No cattle in Seattle and none in Vancouver either.

Seattle – not much to talk about, or I'm just not in the mood to do so. The first night ended with me getting back to the hostel with a knife, a small bouquet of roses and two “Monster” energy drinks. The next day was more common: I did a long walk along the Piers and then some of the usual attractions. The EMP with it's gehryeske architecture, Nirvana exhibition and SciFi exhibition was definitly on the top ranks of Seattle's attractions. Did you know that Nirvana and a lot of other so called grunge bands originated in the state of Washington and around? Then after having spent a night and a day in the city, I almost missed the bus to Canada because I was standing in the wrong line.

Sitting in the bus and being driven up north, cities are getting smaller. There are forests, mountains and the sea around – I haven't seen cattle in a long time though. I'm listening to music with my headphones (new ones which i got from AMB) for the first time in ages 'cause i feel kind of empty – or hungry.

At the border station we're supposed to get off the bus and cross the border by walking through the border office. In the station a chinese man (he hasn't spoken much english, if at all) dropped a bottle of vine which he had bought in the duty free shop minutes earlier. It was a big mess but one of the border officials acted cool, got a red bin and called for a clean-up. After reentering the bus, I started somehow a conversation with the woman sitting next to me. She grew up in Iran and now lives in Vancouver since years. And we talked a lot about Vancouver, relationships and cancer (she had visited her sister on the east-coast who had multiple chemos by now, let's hope the best for the family).

Arriving in Vancouver she would have liked to show me around, but unfortunatly she lives in Northern Vancouver and I'm there only for a day. After saying goodbye I wanted to take a skytrain to Downtown, but I had problems figuring it out, so a man in torn jeans came to my help and explained the route. Magically he had two tickets and gave me one for 2$ (i had only US $) instead of 2,50 (CDN $), but then asked for another dollar for a meal. I gave him one (US $), because he was so helpful and nice – don't know if the ticket was valid though. Getting out in Downtown at night I was a bit puzzled, but after some walking back and forth I had figured out, where I had to go. At so many corners there was the scent of weed in the air and some girls passing by even asked me for some. Passing by the Stadium where the Madonna Worldtour takes place this evening, i arrived at the hotel. Check-in was quick, but I wanted some last refreshment for the night: Arizona Ice Tea 99 cents. Here it was 2,50 CDN $, so I had to get some canadian money first. For the night I had a single room to be forced to work and plan a bit in the evenings and mornings.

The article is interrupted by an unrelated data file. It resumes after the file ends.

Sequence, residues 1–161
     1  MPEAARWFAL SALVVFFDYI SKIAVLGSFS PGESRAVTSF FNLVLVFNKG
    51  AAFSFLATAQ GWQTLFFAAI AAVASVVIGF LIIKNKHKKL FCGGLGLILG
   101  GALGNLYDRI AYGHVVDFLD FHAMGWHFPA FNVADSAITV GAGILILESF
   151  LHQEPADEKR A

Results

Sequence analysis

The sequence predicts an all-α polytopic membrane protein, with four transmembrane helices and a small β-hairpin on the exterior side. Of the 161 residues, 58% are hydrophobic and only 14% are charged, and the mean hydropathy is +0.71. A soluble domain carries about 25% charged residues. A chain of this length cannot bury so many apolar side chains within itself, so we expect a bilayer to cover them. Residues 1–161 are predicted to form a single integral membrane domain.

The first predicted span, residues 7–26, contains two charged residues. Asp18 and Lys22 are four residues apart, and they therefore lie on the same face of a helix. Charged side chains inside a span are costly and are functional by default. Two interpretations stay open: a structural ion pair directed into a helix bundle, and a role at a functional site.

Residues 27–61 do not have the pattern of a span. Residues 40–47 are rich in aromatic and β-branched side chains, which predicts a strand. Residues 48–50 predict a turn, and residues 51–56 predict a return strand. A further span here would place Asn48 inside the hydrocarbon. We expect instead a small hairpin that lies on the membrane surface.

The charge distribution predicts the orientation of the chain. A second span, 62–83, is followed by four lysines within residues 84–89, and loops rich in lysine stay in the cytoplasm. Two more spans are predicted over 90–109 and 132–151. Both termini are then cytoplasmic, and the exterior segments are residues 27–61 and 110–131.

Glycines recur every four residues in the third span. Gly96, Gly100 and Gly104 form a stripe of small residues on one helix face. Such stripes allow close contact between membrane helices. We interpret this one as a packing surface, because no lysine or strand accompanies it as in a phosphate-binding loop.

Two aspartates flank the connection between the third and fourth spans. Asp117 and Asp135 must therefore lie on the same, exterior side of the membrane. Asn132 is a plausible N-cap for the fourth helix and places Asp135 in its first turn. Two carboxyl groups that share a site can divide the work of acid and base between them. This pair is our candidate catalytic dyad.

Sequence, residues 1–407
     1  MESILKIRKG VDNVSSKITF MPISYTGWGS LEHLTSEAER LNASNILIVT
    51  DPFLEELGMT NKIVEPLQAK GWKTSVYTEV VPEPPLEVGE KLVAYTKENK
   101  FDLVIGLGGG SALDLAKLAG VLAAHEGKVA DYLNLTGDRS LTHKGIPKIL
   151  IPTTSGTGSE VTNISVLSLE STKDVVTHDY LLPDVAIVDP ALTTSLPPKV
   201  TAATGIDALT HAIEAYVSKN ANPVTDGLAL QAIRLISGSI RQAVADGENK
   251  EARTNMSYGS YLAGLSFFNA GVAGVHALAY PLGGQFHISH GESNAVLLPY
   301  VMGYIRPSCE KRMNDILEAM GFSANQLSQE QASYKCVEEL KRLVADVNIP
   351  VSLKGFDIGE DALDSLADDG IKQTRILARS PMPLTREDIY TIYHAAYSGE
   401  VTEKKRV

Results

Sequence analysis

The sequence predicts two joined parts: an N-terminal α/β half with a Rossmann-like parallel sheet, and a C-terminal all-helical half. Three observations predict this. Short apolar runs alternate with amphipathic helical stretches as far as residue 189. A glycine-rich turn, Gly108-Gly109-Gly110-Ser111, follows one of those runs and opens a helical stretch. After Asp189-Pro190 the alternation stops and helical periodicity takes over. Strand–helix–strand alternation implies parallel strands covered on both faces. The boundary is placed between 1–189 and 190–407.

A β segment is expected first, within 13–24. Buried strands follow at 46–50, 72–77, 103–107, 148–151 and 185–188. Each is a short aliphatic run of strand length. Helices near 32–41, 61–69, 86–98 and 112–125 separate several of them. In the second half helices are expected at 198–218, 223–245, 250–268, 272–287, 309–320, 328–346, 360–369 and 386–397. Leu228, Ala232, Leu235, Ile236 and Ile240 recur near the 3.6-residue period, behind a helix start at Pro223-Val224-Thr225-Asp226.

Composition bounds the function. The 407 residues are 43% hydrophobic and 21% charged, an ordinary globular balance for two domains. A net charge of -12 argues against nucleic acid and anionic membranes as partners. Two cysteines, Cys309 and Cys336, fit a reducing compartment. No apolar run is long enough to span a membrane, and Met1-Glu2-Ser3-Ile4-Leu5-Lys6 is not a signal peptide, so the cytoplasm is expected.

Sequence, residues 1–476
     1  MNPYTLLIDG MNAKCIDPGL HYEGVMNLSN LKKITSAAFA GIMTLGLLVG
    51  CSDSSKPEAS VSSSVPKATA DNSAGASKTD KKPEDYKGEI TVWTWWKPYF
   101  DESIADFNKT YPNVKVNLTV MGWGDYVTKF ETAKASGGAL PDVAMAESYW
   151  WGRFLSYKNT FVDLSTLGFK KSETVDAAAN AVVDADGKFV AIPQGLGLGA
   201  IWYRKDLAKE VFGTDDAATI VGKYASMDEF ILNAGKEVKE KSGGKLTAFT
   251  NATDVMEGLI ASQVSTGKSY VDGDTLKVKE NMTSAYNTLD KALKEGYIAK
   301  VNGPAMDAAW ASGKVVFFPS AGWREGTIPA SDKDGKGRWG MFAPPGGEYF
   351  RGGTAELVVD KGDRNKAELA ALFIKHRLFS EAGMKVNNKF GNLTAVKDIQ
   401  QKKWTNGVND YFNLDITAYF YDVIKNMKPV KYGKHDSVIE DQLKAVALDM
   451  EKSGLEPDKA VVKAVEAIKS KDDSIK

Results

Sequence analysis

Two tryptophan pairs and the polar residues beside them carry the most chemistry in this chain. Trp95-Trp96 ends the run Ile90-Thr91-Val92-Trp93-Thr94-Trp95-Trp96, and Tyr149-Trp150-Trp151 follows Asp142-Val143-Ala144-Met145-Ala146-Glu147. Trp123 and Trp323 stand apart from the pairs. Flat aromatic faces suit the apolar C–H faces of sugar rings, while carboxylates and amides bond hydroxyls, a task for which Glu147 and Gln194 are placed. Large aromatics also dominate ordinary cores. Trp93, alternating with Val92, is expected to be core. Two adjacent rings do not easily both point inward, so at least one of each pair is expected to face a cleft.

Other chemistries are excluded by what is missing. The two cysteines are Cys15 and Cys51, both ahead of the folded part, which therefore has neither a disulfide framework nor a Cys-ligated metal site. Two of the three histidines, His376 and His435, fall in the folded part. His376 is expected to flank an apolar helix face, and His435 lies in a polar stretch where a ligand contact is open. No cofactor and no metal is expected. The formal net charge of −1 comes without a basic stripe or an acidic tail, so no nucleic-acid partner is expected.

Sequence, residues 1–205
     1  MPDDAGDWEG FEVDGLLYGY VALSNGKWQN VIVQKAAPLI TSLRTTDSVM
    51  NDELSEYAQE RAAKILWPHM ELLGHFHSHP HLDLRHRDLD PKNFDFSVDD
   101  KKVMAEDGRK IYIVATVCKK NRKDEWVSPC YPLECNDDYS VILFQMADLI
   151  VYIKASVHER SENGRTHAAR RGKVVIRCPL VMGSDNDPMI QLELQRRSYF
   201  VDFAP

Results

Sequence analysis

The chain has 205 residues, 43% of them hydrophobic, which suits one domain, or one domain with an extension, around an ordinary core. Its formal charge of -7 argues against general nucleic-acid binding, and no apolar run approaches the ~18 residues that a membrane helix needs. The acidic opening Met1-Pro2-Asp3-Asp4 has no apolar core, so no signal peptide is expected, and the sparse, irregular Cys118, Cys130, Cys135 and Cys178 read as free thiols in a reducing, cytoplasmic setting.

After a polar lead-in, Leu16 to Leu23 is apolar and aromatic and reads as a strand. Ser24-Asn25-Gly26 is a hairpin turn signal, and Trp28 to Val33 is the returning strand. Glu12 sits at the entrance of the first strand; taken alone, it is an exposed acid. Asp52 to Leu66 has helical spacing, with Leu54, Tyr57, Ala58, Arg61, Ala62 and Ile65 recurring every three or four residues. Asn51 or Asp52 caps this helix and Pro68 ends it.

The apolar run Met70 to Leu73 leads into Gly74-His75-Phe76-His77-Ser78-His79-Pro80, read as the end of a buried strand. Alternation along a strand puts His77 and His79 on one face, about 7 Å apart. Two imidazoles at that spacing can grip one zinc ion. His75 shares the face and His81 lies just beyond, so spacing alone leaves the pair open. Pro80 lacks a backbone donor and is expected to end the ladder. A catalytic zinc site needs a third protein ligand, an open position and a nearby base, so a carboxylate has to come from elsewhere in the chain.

The next day I explored Downtown Vancouver by a bike. 25$ CDN for a single day. It's interesting to see all the different people and sceneries passing by. And to be honest: The people here seem to be friendlier and happier than in the Nortwest of the US and Vancouver seems to provide a high living standard. A lot of children are playing in the green parks, all kinds of people walk along the small coast and some bike around Downtown but not so much into it. Changing between bikepaths, sidewalks and streets, I don't feel endangered at anytime. The up- and downhill quest of the Stanley Park is much more demanding though. But one thing seems off even here: Dealing with the native heritage. I only visited the Totem Poles, but it seems like a rip-off of real native arts just for the means of presenting a picture of a proud, gone extinct society, which doesn't seem to have a place in modern society out of entertaining purposes. Do you get it? Do you?

In the evening I got to the Greyhoundstation, checked out the free WiFi in front of McD and then went on to a so called Sushi-Bar to have at least one proper meal this day. It wasn't bad, although the cook was probably more Canadian then Japanese in his Character. At the check-in there were 2 chinese women with a little boy standing and arguing about their baggage: They had to much and to heavy baggage and didn't want to pay extra baggage fee. It took quite some time for them to stay aside and let the other passengers quickly get their ticket. Before boarding there was a quick security check for the carry- on baggage, which I didn't experience in the US. What followed was a 13h long busride into the northern direction at night. Next to me H. was sitting, a southkorean girl and we talked quite a bit, or I talked quite a bit. Even more now, Korea is on my go-to list.

I didn't sleep a lot, but I was prepared for it. So I silently watched the black silouetthes of needle trees passing by accidently revealing a star spangled night sky until white mist croached up the dark and barren streets and the bus drove away into the dark night.




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